Tue, Jul 7, 2015
Higher Education (HE) is certainly a driver for development: it is the incubator for research, knowledge generation and data management as well as capacity development.
Emerging from a colonial history, African leaders have felt the need to collaborate for greater strength and confidence in African education systems, structures and institutions. Among these systems, Higher Education (HE) is certainly a driver for development: it is the incubator for research, knowledge generation and data management as well as capacity development. Harmonization implies the agreement, synchronization and coordination of education systems to strategically develop and strengthen the capacity of HE institutions to respond simultaneously to the educational and employability needs of populations. In 1981, 21 out of 54 African leaders showed their willingness for such collaboration by signing and ratifying the Arusha Convention that outlines guidelines for harmonizing HE through the mutual recognition of qualifications as well as inter-country collaboration.
For many reasons however, harmonization of HE in Africa has remained impalpable. Partly, this is because of lack of financial resources and the different linguistic zones that divide Africa. The globalized world, which is characterized by an increasingly mobile intellectual labor force, has shown that growing attention must be paid to quality assurance of HE in Africa. Inspite of the fog clouding this issue, the University World News reports that UNESCO believes there was a breakthrough for Africa last December when 16 countries signed an amended version of the Arusha Convention on the recognition of qualifications across the continent. Globally, four other regions have established conventions to harmonize their HE systems: Latin America and the Caribbean (1974), the Arab States (1978), Europe (1979) and Asia and the Pacific (1983).
The cardinal importance of harmonization, equivalence and standardization of education systems in the Africa is to establish agreed education systems, as a tactic for strengthening the capacity of education institutions to meet many emerging needs. Through innovative forms of collaboration, education can be systematically improved against common, agreed benchmarks of excellence thereby facilitating the mobility of students in the African region. Smooth transition of students from one school system or university in one country to a school setup in another country is paramount.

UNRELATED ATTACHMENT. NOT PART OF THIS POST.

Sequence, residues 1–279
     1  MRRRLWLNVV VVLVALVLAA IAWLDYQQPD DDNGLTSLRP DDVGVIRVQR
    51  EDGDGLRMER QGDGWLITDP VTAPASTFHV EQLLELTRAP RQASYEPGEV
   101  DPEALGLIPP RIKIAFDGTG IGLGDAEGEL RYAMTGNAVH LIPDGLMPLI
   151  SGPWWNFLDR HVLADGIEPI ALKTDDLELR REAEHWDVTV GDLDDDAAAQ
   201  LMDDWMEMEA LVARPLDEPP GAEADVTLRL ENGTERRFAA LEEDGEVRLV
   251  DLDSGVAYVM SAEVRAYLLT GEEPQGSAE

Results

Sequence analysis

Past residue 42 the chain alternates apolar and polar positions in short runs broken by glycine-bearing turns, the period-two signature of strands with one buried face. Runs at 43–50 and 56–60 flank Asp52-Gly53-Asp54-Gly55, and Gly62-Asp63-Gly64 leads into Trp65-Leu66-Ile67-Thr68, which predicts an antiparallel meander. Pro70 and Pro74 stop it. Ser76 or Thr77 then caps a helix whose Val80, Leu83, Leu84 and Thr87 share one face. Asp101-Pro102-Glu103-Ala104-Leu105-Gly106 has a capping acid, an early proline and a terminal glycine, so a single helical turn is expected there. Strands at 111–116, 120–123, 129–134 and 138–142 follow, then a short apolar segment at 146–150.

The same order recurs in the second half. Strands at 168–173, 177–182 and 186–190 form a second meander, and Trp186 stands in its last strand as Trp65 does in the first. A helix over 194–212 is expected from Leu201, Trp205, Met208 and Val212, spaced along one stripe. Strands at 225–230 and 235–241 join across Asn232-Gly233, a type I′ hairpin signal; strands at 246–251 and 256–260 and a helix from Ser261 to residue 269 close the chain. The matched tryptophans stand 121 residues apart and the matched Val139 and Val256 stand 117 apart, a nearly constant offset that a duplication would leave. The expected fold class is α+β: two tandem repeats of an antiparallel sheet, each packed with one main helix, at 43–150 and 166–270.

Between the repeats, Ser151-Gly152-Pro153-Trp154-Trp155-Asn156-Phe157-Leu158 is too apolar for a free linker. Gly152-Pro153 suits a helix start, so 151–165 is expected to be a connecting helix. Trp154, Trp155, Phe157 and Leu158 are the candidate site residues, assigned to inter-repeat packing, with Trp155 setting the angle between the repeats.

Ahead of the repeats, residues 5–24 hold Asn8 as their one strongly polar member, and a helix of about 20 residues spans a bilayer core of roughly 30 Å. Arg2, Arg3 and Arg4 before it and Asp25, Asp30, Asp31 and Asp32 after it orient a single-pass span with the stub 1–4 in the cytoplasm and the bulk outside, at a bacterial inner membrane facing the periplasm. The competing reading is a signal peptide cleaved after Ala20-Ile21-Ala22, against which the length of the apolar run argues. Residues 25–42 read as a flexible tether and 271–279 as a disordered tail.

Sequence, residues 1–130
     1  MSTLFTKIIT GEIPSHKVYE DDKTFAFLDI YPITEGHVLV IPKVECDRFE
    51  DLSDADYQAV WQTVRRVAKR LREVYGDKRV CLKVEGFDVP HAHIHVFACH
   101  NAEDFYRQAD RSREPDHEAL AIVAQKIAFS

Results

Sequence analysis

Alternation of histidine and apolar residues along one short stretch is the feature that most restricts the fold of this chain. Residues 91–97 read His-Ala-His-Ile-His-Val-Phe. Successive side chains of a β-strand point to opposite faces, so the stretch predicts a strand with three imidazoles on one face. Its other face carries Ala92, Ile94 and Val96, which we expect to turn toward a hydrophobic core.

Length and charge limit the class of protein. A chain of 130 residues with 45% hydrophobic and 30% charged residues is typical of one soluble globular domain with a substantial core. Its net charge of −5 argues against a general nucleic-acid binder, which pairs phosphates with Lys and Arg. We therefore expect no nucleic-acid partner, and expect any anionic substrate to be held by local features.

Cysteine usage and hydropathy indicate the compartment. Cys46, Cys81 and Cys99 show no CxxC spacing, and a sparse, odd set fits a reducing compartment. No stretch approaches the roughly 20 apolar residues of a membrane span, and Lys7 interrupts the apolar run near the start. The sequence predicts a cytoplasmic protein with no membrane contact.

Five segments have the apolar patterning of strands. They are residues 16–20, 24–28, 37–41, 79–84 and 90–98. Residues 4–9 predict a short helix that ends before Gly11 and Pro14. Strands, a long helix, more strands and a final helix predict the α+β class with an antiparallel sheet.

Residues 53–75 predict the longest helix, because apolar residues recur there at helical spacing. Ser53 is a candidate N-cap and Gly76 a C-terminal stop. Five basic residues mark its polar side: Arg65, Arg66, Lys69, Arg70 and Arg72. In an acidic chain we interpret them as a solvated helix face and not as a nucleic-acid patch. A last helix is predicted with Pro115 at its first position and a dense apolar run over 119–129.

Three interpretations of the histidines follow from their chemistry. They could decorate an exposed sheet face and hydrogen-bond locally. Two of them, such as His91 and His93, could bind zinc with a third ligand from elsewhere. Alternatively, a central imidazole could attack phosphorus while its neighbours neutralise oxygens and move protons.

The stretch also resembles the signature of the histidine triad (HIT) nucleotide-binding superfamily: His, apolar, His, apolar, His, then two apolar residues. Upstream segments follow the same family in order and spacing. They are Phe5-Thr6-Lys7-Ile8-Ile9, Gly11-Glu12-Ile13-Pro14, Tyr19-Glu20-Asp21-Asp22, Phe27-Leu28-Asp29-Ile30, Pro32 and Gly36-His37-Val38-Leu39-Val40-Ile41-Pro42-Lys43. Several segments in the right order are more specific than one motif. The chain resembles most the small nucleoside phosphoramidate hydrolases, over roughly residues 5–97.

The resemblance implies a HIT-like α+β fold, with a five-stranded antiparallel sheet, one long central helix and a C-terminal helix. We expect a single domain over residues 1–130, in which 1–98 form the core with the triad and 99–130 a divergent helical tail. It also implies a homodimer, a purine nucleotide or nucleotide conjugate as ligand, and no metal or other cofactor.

The growing trend of globalization, implying close cooperation between member states in trade, also highlights the crucial need to standardize and harmonize training and higher education systems. More effective functional cooperation among African states also results from the harmonization of education and training systems. Therefore, to facilitate the regional integration processes and especially the free movement of human resources and professional labor, there is great need for harmonization.
Furthermore, there is great need to harmonize training systems in the region so as to make it easier for a university or trainee graduate to secure employment in one country after studying in another country. When there is no harmonization some qualifications may not be recognized due to different curriculum content and time of completion. There is need for the establishment of an increasingly networked and interrelated group of curricula and examination systems, working collaboratively in such a way that these systems possess overlapping characteristics which can influence each other. Harmonization will thus require the examination and grading systems to be realigned so as to achieve comparability and some commonness.